When the cameras detect smoke or a potential fire, the computers help the operator to zoom into the site and watch it live, to determine the direction of the fire, how far away it is and how threatening it is. Once it is confirmed that a fire is threatening, it is then positioned on a map to show its exact location.
The FireHawk system has a cross-referencing feature which provides 99.9 percent accuracy of the location of the fire. Once the operator positions the location of the fire on the map, he then selects another camera with a clear view of the fire. There are two cameras looking at the fire from two different angles, enabling the operator to determine the distance of the fire from farms and homes.
The operator’s duty is to notify the owner of the property where the fire has been located. If it is a threat, firefighting personnel and vehicles are quickly dispatched from the Richmond incident command center based next to the FireHawk detection center.
The Richmond FireHawk system detects an average of 350 wildfires a year, although each season is different. The most wildfires detected in one season was five years ago, with 540 fires.
Last year was the best season, with the detection of 84 wildfires. Terry Tedder, who has worked at the Richmond Fire Protection Association since 2007, says increased education in fire prevention and management methods is helping to reduce the number of wildfire incidents.
The FireHawk team aims to erect a 30m camera tower system in Nhlazuka at the Thusong community center, which has an eagle’s-eye view over the community. The early warning system should be piloted in 2018, and the dream is to have a Working on Fire team stationed at the center, says Tedder.
“Detection is not enough, we need a team to extinguish the fires close to the community. It takes about an hour to drive from the main town of Richmond to Nhlazuka, so even if a fire is detected early it may be too late by the time a firefighting team arrives to assist,” says Tedder.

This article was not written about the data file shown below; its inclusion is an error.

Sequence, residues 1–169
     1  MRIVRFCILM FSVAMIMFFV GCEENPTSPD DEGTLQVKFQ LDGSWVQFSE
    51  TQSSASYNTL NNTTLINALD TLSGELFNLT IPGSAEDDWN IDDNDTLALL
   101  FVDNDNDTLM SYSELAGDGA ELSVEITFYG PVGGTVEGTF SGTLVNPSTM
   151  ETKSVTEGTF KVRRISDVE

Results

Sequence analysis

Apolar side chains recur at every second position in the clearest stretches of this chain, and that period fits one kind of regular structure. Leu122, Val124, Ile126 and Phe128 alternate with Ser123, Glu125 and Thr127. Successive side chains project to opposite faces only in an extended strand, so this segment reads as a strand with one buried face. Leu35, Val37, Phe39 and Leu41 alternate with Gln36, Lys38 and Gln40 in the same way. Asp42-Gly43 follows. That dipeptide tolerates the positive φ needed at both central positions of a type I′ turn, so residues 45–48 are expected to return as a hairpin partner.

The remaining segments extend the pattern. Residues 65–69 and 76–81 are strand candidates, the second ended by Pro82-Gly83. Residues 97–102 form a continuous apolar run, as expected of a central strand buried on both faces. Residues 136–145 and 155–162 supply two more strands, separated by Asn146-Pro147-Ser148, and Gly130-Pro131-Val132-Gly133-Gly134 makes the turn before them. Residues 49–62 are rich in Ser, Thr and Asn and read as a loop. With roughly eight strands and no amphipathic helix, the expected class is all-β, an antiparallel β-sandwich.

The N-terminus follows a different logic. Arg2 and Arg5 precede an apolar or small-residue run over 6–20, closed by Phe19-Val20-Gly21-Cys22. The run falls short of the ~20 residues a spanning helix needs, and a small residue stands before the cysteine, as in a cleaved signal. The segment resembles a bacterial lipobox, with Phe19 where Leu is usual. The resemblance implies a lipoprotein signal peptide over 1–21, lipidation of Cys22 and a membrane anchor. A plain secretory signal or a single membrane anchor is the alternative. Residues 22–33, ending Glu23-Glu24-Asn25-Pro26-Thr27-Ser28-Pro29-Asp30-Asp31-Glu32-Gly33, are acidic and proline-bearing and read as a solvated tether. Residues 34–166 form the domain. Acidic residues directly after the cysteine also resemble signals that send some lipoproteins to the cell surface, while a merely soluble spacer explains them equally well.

Mayor Maphumulo says the FireHawk early warning system needs to be part of a holistic fire-fighting approach in Nhlazuka: “We won’t just focus on sending out warnings, but will work with the communities to develop local fire management and response plans so that everyone knows how to respond to the different types of warnings. This system will help us to avoid loss of life and property from veld and forest fires.”
Tedder says the Richmond FireHawk system covers an area of about 240,000 hectares (925 square miles) and is funded by members in the timber and commercial farming industries.
Until now its protection did not include the 17,000 to 20,000 hectares of community land owned by the Ingonyama Trust in uMgungundlovu municipality, including Nhlazuka. The trust is the registered owner of large tracts of land in KwaZulu-Natal that have historically been part of the Zulu kingdom, dating back to various Zulu kings.
“The biggest challenge fire protection associations face is the issue of costs of firefighting staff and equipment. Commercial farmers can afford the equipment to help with the prevention and management of fire, but rural areas cannot, making them not self-sufficient,” says Tedder.
Bono Cwazibe, who grew up in Nhlazuka, is the local supervisor of a national government initiative called the FireWise Communities Programme. His job involves door-to-door education on preventative fire methods and assisting in the clearing of fire-fueling alien plants.
Bono and the community do not fully understand climate change and its global impacts, but he believes the resilience project is part of the uMgungundlovu municipality’s goal of educating the community about climate change.
Since the implementation of FireWise in 2014, he says, the number of fires in the Nhlazuka area have decreased. It takes on average five hours to put out a fire once it has spread and to date, there is only one known death due to fire that occurred in 2013.
In the past four years, the residents of Nhlazuka began receiving municipal water facilities and electricity. Receiving electricity has reduced the number of fires as people no longer need to cook on open fires – disposing of ash and strong wind speeds easily carried the sparks.
Another intervention has seen more than 70 percent of the thatched roofs replaced by tin roofs. This doesn’t solve the problem completely, however, as most of the homes are built with timber structures and once alight, the entire house can burn down.
Carrying her three-month-old granddaughter on her back, Shongaziph Ngcongo (44) says her thatched roof was replaced with a tin one after her home burnt down and this has helped her to feel safer.
“We would be happy to have a way to detect fires early,” she says. “This is important, because then we can take precautionary measures and protect ourselves. Wildfires affect us. They damage our belongings and our fields.”
Originally published at oxpeckers.org
This investigation by #ClimaTracker and Oxpeckers Investigative Environmental Journalism was produced in partnership with Code for Africa, and funded by ImpactAfrica and the Bill & Melinda Gates Foundation